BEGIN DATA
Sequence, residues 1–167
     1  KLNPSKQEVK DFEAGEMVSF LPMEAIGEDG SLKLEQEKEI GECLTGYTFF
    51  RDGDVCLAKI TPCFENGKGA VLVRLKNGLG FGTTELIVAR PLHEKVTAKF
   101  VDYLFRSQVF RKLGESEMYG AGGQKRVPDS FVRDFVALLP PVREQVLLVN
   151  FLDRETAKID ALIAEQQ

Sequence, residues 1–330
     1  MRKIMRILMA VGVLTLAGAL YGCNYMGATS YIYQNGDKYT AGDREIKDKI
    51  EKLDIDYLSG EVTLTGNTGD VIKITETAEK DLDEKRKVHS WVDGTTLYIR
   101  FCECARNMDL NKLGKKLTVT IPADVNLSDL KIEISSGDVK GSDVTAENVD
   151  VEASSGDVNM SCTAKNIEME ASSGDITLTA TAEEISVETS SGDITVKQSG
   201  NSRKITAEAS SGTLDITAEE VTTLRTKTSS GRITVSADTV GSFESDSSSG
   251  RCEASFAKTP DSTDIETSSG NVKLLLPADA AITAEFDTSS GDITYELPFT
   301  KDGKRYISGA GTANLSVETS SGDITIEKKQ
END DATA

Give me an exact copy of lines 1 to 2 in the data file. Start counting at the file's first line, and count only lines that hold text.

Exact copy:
Sequence, residues 1–167
     1  KLNPSKQEVK DFEAGEMVSF LPMEAIGEDG SLKLEQEKEI GECLTGYTFF